Laugh is, I think CSS in JS serves a purpose, I'm just disgusted by the crazy hoops I see people jump through to do it. It's almost like JS programmers are blissfully unaware of what a trailing slash does inside strings, or fail to realize the new-fangled backtick strings make it even easier.
var newSheet = document.head.appendChild(document.createElement("style"));
newSheet.textContent = "Your stylesheet here";
Really so flipping hard we need 2k or more in a library to do it? It's not flipping rocket science.
As to the purpose, it's pretty obvious. When the CSS only applies to the scripting, or you want it when a scripting event -- like a "loader" -- is waiting for the rest of the document -- like the main stylesheet -- to finish loading.
But like everything else, people just throw it at projects willy-nilly without the legitimate reason to do so.
As to React, again that it is 100% client-side DOM construction it lacks graceful degradation for when scripting is off / blocked/ unavailable. That ALONE should make it a no-go on anything that's going to run in a browser.
Though much of what I said applies more to frameworks in general, not just React. Even so much of it does just because they advocate bad practices. Don't believe me, look at the markup for any of the examples people are supposed to be learning from.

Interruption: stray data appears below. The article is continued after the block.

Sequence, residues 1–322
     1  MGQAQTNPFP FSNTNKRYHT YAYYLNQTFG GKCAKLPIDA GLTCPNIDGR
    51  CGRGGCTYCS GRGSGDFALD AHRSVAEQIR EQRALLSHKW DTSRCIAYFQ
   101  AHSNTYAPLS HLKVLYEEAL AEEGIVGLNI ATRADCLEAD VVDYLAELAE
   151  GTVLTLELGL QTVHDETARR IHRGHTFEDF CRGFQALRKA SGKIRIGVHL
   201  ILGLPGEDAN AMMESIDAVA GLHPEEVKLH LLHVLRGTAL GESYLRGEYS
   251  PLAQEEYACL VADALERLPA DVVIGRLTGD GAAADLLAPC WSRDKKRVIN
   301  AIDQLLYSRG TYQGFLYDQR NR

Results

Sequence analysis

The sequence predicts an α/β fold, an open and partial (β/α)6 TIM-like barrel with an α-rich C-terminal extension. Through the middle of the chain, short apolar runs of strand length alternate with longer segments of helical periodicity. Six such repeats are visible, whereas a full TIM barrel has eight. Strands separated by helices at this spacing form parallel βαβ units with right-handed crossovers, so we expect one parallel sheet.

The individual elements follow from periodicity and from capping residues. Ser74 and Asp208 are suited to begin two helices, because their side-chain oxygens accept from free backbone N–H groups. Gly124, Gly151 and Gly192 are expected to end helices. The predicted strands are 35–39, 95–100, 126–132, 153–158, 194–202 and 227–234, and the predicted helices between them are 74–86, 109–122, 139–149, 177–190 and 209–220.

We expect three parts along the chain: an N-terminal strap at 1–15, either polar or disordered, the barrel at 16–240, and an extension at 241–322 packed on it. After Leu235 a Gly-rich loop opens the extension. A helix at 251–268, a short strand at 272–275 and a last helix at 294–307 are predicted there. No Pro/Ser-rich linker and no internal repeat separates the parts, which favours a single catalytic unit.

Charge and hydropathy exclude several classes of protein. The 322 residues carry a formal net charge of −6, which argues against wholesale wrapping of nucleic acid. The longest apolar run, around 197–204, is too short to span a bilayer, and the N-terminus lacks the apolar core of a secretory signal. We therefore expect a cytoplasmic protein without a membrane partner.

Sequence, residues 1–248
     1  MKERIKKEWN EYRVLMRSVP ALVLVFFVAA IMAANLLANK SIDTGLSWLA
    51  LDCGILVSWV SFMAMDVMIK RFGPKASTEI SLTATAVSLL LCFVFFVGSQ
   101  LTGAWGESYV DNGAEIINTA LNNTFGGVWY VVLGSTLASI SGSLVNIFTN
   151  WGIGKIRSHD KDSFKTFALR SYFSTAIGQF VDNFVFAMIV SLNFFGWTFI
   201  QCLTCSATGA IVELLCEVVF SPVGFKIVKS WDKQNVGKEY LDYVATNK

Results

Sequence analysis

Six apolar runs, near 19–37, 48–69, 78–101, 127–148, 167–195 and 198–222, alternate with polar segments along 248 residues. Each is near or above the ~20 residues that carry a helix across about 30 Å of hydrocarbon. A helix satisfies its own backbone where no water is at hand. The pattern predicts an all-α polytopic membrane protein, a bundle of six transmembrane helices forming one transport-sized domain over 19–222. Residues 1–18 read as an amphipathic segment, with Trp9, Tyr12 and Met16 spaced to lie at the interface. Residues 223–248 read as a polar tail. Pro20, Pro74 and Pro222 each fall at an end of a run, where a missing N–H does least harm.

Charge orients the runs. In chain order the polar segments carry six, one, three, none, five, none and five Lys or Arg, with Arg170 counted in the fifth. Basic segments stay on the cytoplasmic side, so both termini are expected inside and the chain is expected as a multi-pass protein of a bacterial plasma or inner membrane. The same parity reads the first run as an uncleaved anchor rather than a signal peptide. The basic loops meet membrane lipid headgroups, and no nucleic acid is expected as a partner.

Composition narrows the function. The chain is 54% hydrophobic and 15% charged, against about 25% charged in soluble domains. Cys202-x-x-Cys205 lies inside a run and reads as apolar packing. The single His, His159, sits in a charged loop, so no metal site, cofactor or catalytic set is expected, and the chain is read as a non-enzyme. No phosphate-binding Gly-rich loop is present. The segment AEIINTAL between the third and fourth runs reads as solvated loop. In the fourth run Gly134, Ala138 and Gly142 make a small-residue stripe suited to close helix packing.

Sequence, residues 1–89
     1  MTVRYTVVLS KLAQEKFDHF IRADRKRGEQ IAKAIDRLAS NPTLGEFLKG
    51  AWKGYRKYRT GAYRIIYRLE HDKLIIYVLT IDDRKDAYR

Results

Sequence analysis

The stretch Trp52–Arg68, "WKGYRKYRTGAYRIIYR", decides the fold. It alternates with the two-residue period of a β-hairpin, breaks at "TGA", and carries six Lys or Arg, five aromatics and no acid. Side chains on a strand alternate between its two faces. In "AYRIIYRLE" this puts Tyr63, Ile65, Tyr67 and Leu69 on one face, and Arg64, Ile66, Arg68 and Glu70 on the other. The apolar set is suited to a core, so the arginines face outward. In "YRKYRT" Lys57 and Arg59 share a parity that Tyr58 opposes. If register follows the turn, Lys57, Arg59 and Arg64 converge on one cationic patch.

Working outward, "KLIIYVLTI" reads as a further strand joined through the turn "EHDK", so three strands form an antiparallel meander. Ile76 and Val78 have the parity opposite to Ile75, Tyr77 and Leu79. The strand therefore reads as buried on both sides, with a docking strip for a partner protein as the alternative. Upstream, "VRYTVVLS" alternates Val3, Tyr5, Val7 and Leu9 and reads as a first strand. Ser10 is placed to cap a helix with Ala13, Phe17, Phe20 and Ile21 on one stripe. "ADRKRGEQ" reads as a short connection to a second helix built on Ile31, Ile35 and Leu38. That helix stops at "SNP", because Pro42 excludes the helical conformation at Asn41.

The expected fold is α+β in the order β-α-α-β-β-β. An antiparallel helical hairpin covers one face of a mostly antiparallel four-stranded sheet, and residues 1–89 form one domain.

Though HTML/CSS frameworks are far, far worse in this regard. You can view-source ANY official example code for bootcrap or tailwind, and see plain as day that not only are they practicing the bleeding edge of 1997 site-building methodologies thanks to using presentational classes to recreate the worst of HTML 3.2 / 4 Tranny. The people creating and maintaining these systems have no business writing a single blasted line of HTML much less the unmitigated GALL to tell others how to do so.
And don't even get me started about the utter ****-show of ignorance, incompetence, and ineptitude that is React-UI.